Source — The guardianRead country-profile
Italy: Fatma Bucak's best photograph, a teenager in a Turin prison about to be freed
The boy in this photo was only a teenager, but he had been in prison for over a year. Like 80% of the inmates I met in the juvenile jails of Turin in Italy, he was a migrant. The boys weren’t killers: most of them just got caught selling hash, loitering or stealing 10 euros. He had been sold a vision of paradise – and found himself in this strange landscape.
I’m Kurdish but grew up in Turkey. My father was jailed for political reasons when I was very young so I’ve always been interested in the emotional complexity of imprisonment, in finding out more about life inside. When I first arrived at this prison, I was surprised. It was so colourful, so unlike what I had expected.
After a month exploring the place, the prison agreed to do a call-out for anyone willing to spend a day with me and my camera. They could decide where they wanted to be shot and I gave them a remote control cable so they could pick which moment to capture. There was, however, one condition: they only had a single shot. It was like a split second of freedom, in which they could decide who they were, how they wanted to be represented.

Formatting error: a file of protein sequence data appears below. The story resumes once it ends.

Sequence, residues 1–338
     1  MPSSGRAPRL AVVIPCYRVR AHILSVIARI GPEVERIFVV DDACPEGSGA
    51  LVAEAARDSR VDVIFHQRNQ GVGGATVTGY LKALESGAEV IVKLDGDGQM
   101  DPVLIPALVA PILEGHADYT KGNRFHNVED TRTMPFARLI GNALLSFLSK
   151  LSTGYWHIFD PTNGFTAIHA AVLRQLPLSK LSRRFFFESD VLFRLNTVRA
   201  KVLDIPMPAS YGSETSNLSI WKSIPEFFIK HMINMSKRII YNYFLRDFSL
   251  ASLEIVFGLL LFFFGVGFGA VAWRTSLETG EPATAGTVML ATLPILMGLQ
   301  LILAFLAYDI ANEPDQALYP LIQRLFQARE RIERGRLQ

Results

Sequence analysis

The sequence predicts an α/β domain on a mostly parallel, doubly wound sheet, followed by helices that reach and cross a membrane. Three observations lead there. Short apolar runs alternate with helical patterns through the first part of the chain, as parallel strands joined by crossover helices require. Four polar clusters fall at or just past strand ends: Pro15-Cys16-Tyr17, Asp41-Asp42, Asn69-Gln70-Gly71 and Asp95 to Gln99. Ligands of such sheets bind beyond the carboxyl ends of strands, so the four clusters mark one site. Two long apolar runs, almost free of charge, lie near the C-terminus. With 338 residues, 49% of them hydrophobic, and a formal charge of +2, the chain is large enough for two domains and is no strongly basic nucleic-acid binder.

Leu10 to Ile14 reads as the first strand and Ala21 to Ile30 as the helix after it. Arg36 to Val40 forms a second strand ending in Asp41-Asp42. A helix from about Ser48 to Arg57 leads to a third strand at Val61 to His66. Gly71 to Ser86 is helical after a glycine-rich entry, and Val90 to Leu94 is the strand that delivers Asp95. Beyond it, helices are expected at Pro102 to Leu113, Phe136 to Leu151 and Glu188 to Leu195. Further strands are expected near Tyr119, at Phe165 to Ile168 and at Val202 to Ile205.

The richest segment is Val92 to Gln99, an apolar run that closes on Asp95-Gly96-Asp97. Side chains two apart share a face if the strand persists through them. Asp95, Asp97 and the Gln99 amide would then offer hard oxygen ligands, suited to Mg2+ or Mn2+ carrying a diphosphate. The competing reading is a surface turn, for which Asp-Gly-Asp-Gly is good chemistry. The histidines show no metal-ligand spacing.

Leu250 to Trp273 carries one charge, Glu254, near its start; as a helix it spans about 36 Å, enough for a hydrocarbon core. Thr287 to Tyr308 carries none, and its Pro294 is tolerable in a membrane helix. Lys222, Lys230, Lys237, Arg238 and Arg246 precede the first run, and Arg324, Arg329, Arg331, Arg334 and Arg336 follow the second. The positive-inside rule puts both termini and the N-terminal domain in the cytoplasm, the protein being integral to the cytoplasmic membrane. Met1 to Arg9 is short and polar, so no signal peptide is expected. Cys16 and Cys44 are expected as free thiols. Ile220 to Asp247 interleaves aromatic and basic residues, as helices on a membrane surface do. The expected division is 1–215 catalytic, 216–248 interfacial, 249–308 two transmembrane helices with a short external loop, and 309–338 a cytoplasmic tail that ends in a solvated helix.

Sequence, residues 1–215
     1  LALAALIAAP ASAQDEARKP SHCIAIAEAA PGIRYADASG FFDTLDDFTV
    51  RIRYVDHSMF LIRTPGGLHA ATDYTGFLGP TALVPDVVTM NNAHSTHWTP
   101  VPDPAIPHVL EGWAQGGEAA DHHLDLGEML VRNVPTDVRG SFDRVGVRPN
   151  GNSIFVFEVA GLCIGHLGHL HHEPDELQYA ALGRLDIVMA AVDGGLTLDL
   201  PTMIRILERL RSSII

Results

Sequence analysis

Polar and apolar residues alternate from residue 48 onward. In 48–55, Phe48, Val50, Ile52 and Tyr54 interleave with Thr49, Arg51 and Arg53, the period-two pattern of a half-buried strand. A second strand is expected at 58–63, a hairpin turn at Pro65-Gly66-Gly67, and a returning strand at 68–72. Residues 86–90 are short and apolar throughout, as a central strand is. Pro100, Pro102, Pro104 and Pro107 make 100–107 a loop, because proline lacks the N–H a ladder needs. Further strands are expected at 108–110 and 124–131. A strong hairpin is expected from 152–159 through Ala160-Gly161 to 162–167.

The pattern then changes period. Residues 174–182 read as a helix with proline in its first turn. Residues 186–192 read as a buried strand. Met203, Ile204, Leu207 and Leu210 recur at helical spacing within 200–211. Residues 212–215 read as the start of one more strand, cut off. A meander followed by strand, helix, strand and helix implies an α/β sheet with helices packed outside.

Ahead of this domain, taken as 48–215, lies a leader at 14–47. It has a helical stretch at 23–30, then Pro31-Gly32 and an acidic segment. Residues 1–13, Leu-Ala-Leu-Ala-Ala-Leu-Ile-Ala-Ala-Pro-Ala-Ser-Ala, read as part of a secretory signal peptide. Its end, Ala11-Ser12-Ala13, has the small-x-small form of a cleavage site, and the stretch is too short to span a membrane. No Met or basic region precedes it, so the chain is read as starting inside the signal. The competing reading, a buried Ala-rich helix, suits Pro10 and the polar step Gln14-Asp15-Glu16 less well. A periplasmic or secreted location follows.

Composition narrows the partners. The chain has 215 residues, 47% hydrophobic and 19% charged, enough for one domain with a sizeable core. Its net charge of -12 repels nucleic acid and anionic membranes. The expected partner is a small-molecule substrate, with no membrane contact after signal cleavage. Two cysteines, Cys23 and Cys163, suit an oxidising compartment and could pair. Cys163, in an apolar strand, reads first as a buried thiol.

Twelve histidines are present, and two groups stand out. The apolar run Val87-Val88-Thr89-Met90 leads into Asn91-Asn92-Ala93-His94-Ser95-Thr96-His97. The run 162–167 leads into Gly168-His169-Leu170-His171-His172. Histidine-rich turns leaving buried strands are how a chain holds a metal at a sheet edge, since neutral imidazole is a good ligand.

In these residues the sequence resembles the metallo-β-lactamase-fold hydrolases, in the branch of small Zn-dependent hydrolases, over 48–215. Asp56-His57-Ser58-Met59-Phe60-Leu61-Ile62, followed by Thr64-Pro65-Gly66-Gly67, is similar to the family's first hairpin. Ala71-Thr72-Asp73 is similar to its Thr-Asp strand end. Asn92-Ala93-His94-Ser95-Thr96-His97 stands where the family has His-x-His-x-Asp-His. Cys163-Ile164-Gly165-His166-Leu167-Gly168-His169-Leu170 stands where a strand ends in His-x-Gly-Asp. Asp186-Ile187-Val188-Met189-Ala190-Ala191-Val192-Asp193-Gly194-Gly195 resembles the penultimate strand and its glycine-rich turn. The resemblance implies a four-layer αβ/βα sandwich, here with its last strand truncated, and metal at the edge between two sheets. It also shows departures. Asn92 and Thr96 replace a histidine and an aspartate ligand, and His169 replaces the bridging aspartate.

At first, a lot of them were scared. I was a stranger and they had no idea how the images would portray them. For many, it meant creating a memory they didn’t want to have. I found the boy in the photo after hearing some guys talking excitedly about someone who was getting out in four days. They were discussing what they wanted him to bring them after his release.